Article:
In thirty years, consumers have reduced their greenhouse gas emissions slightly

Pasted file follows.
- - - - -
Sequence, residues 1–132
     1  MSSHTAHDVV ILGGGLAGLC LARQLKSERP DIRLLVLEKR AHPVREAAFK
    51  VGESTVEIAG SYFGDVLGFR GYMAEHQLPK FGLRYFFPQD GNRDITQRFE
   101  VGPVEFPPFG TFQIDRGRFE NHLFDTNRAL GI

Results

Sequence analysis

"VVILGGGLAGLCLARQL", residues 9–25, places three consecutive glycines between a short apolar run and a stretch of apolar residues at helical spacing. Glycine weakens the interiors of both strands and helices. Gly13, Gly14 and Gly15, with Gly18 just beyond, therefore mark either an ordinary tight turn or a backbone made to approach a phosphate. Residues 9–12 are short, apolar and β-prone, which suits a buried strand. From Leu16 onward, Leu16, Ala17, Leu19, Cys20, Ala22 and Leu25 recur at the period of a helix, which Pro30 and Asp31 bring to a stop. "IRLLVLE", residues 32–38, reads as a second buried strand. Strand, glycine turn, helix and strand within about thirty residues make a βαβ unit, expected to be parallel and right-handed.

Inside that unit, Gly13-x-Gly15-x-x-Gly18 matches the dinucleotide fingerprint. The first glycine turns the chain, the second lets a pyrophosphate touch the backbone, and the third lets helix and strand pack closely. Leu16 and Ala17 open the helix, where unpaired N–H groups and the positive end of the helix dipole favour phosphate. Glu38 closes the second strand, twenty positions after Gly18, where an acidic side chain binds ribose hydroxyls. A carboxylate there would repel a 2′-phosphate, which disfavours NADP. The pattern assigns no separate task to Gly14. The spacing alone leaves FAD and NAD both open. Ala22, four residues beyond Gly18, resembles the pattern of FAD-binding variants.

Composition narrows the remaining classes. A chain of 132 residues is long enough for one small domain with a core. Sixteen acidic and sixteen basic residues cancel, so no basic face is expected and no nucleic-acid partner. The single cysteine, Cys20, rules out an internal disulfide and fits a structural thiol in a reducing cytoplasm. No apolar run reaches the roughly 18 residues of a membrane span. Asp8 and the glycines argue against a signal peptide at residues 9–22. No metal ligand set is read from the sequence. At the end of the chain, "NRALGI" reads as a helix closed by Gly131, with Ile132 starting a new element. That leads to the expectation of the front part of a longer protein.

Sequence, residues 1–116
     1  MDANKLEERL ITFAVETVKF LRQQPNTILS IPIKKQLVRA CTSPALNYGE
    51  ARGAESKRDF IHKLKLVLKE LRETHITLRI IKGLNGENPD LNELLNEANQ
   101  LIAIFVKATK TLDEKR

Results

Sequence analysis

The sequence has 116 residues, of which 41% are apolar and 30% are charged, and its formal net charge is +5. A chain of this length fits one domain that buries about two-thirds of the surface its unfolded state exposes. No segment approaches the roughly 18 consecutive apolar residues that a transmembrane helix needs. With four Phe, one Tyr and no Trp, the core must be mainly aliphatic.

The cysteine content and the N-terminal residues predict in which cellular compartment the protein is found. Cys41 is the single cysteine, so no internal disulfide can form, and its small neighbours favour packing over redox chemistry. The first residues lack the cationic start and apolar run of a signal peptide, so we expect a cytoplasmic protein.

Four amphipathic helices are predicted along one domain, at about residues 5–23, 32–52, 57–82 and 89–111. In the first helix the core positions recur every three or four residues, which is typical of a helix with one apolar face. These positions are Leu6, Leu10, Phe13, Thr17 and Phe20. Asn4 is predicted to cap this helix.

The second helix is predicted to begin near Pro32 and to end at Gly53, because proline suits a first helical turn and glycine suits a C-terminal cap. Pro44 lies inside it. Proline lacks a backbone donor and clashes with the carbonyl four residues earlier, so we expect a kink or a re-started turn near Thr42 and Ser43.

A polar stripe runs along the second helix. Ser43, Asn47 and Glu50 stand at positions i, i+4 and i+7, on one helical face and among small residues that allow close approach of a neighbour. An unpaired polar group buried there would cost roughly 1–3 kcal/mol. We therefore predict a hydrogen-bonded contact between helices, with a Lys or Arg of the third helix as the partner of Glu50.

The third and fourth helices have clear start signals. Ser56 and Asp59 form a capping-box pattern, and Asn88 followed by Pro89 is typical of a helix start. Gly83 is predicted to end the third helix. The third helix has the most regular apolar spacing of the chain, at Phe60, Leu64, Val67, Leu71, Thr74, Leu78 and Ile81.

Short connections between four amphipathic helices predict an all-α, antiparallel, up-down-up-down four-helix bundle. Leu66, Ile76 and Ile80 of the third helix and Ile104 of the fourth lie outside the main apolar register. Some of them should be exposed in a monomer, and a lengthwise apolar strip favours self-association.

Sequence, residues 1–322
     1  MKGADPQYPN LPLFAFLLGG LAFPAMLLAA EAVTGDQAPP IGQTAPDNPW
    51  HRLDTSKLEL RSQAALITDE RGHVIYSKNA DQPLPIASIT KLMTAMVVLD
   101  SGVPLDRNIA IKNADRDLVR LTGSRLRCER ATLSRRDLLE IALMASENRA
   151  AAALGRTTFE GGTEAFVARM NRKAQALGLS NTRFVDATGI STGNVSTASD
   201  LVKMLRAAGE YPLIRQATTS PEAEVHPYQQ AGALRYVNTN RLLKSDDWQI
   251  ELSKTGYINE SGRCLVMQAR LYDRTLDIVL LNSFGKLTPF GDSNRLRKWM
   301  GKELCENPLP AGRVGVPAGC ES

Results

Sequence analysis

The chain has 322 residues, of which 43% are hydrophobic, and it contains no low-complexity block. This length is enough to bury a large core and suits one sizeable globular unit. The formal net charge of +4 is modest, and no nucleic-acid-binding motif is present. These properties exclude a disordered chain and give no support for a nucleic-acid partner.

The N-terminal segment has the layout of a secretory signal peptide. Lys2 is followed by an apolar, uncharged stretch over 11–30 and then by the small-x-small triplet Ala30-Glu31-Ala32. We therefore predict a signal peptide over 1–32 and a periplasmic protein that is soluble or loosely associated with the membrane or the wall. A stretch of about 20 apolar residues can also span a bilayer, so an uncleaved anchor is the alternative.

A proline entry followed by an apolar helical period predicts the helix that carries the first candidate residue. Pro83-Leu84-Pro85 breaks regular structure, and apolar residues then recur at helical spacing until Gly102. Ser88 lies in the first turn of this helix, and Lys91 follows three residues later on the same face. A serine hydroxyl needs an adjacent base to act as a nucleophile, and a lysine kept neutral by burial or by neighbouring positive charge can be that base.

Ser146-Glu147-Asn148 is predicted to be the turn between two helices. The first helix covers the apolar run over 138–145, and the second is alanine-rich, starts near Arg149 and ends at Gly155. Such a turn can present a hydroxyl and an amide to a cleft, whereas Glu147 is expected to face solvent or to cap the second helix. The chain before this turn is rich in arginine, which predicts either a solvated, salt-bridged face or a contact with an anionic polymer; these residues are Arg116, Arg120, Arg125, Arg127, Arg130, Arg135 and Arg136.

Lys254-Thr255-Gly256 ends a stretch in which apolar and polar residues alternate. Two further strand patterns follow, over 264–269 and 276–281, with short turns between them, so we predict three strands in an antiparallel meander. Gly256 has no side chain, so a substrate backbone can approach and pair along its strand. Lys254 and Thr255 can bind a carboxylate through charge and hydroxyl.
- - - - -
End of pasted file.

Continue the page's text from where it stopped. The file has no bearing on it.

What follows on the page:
Between 1980 and 2010, households reduced their emissions per head of greenhouse gases (GHG) from automobiles and housing: from 2.9 to 2.5 tonnes CO2 equivalent per year and per person. Although their emissions linked to individual transport progressed slightly, the fall was a result of lower emissions from housing, mainly driven by a move towards fuels that emit less in the way of GHG. There have been significant changes to the basket of fuels that are consumed: giving up on coal, a preference for gas over fuel oil, a switch towards diesel-powered vehicles, the ban on leaded petrol and the development of biofuels. For housing, fluctuations in GHG emissions are driven mainly by climate conditions. For individual transport, they mainly follow changes in the stock of motor vehicles and, more moderately, variations in fuel prices.